In 1968 RN appointed Roy Ash Chairman of the President’s Council on Executive Organization.  The Ash Council’s 1969 Report recommended the creation of a Domestic Council and an Office of Management and Budget.  Ash became OMB’s Director in 1972.

Forty years ago today, after fourteen months of study and refinement, RN unveiled his Reorganization Plan 2 of 1970, including  the Domestic Council and the Office of Management and Budget.

The Nixon Administration’s innovations regarding executive office management and efficiency and government reorganization have been among its most enduring legacies.  As the Nixon Foundation and the Nixon Presidential Library examine the administration’s domestic legacy each month in the Nixon Legacy Forums, this March 12th Transmittal Message is the Ur-document outlining the organizational and operational structure that would help effect and enable President Nixon’s New American Revolution.

In his Transmittal Message to Congress,  RN described the problem before presenting his solution.

The past 30 years have seen enormous changes in the size, structure and functions of the Federal Government. The budget has grown from less than $10 bib lion to $200 billion. The number of civilian employees has risen from one million to more than two and a half million. Four new Cabinet departments have been created, along with more than a score of independent agencies. Domestic policy issues have become increasingly complex. The interrelationships among Government programs have become more intricate. Yet the organization of the President’s policy and management arms has not kept pace.

Over three decades, the Executive Office of the President has mushroomed but not by conscious design. In many areas it does not provide the kind of staff assistance and support the President needs in order to deal with the problems of Government in the 1970’s. We confront the 1970’s with a staff organization geared in large measure to the tasks of the 1940’s and 1950’s.

The lessons learned from Daniel Patrick Moynihan’s 1969 Urban Affairs Council, and the Cabinet Committee on the Environment and the Council for Rural Affairs,  were applied to the structuring of the more comprehensive Domestic Council:

Among the specific policy functions in which I intend the Domestic Council to take the lead are these:

  • Assessing national needs, collecting information and developing forecasts, for the purpose of defining national goals and objectives.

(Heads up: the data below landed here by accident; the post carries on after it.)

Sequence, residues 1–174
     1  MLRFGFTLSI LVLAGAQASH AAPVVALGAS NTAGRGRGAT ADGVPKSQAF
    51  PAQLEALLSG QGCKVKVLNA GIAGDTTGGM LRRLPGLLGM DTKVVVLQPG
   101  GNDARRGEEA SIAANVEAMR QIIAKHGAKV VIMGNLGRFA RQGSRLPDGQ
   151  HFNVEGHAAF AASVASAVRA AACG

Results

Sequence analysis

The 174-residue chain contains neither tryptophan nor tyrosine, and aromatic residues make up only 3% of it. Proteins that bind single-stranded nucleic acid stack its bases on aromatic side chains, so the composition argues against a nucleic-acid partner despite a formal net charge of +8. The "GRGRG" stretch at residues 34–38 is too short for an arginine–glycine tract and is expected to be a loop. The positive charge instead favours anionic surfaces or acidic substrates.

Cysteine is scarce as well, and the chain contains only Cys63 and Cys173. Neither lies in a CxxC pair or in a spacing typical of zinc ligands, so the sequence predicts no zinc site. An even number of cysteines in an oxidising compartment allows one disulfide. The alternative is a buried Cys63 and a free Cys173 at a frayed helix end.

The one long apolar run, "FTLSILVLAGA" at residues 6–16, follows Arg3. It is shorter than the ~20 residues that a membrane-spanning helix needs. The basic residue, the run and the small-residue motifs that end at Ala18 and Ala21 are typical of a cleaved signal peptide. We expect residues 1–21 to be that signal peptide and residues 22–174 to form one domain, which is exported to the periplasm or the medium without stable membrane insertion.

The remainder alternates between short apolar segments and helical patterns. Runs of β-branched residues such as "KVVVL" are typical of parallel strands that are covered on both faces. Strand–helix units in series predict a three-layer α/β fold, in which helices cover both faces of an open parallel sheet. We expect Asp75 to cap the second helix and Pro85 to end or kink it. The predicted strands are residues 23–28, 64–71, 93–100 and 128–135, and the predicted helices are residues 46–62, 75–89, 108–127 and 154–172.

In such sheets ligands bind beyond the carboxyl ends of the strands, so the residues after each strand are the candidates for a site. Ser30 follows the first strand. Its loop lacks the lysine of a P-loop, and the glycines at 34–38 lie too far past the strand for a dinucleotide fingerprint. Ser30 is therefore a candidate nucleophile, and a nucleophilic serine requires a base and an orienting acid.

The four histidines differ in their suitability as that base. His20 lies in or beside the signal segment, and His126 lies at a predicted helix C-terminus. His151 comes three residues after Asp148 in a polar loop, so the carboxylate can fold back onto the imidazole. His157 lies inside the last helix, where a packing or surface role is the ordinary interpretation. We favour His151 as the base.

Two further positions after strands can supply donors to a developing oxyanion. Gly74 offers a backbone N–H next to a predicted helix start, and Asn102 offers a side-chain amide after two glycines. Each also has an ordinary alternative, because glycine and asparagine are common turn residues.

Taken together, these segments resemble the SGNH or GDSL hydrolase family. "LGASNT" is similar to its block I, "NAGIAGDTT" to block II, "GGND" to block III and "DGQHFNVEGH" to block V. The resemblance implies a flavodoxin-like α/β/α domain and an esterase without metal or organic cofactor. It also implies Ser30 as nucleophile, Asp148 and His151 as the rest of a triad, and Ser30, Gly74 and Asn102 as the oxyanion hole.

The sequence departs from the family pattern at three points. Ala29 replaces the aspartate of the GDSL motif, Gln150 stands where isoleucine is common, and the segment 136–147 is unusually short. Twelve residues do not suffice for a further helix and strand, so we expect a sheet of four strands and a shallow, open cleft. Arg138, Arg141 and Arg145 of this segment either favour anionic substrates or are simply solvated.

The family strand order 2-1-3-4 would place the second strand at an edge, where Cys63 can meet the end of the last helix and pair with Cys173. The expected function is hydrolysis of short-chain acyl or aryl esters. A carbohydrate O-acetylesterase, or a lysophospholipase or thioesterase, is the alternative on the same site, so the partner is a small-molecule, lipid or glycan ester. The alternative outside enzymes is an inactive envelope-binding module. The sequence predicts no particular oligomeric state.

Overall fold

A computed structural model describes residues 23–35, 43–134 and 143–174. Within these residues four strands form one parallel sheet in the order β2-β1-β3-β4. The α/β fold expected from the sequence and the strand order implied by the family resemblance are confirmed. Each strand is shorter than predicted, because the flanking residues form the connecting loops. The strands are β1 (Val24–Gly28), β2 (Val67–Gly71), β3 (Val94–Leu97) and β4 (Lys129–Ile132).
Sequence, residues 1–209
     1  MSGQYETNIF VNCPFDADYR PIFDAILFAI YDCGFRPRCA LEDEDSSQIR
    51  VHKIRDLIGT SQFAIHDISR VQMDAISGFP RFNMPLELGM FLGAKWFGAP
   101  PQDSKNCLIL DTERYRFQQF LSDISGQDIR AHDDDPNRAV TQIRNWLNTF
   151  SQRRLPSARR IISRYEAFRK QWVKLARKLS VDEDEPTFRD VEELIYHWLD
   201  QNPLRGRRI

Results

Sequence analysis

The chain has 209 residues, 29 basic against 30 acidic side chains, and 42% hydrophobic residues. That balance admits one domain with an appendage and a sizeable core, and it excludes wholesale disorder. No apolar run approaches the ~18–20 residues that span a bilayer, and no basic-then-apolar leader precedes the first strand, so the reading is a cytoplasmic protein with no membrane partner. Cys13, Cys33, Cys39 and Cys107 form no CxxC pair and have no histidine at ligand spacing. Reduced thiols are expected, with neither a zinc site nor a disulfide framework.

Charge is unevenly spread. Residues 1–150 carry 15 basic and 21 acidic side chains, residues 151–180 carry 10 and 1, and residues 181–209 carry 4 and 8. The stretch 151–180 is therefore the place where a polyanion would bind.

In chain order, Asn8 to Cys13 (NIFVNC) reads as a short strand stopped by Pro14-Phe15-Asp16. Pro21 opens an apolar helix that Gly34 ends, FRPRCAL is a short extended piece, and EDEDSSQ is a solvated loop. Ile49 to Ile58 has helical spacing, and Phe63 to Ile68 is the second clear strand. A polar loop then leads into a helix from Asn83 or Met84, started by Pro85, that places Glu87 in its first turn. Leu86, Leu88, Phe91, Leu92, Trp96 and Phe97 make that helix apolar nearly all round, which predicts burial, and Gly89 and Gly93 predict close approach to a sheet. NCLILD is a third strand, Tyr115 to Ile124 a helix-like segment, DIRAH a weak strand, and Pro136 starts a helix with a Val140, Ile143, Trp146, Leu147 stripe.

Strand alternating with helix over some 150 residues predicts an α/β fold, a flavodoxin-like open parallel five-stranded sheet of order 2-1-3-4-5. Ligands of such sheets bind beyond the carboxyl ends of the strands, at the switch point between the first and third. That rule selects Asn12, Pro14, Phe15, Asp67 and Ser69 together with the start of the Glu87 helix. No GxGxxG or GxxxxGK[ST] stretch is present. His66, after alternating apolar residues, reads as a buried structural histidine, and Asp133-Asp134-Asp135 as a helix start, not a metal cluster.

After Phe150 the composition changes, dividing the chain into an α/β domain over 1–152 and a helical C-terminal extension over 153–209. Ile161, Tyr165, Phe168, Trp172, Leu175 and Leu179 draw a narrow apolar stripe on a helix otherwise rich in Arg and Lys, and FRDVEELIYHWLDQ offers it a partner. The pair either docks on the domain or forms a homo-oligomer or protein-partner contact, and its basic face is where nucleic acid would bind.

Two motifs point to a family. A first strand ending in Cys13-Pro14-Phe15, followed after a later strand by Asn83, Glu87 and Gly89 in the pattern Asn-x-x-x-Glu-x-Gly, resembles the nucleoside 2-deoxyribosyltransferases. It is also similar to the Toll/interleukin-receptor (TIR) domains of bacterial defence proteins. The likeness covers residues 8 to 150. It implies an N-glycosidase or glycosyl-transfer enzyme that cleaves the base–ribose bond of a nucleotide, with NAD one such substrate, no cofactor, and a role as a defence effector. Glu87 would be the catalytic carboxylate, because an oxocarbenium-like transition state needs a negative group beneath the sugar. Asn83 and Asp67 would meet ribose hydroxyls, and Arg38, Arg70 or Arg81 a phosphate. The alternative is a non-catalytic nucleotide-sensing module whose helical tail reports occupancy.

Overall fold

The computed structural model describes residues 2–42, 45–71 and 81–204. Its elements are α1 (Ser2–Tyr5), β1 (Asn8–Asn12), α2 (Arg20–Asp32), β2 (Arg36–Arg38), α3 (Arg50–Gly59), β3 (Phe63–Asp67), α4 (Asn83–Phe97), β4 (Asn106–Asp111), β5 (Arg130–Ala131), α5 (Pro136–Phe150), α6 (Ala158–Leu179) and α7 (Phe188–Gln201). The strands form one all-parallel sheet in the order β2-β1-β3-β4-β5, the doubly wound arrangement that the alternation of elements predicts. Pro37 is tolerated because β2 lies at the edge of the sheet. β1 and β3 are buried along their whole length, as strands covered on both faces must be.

• Identifying alternative ways of achieving these objectives, and recommending consistent, integrated sets of policy choices.
  • Providing rapid response to Presidential needs for policy advice on pressing domestic issues.
  • Coordinating the establishment of national priorities for the allocation of available resources.

RN and  Domestic Council Executive Director John Ehrlichman at the Western White House in San Clemente in February 1973.

The creation of the Office of Management and Budget represented the wrenching of the old Bureau of the Budget into the seventh decade of the twentieth century:

However, creation of the Office of Management and Budget represents far more than a mere change of name for the Bureau of the Budget. It represents a basic change in concept and emphasis, reflecting the broader management needs of the Office of the President.

The new Office will still perform the key function of assisting the President in the preparation of the annual Federal budget and overseeing its execution. It will draw upon the skills and experience of the extraordinarily able and dedicated career staff developed by the Bureau of the Budget. But preparation of the budget as such will no longer be its dominant, overriding concern.

While the budget function remains a vital tool of management, it will be strengthened by the greater emphasis the new office will place on fiscal analysis. The budget function is only one of several important management tools that the President must now have. He must also have a substantially enhanced institutional staff capability in other areas of executive management-particularly in program evaluation and coordination, improvement of Executive Branch organization, information and management systems, and development of executive talent. Under this plan, strengthened capability in these areas will be provided partly through internal reorganization, and it will also require additional staff resources.

The new Office of Management and Budget will place much greater emphasis on the evaluation of program performance: on assessing the extent to which programs are actually achieving their intended results, and delivering the intended services to the intended recipients. This is needed on a continuing basis, not as a one-time effort. Program evaluation will remain a function of the individual agencies as it is today. However, a single agency cannot fairly be expected to judge overall effectiveness in programs that cross agency lines–and the difference between agency and Presidential perspectives requires a capacity in the Executive Office to evaluate program performance whenever appropriate.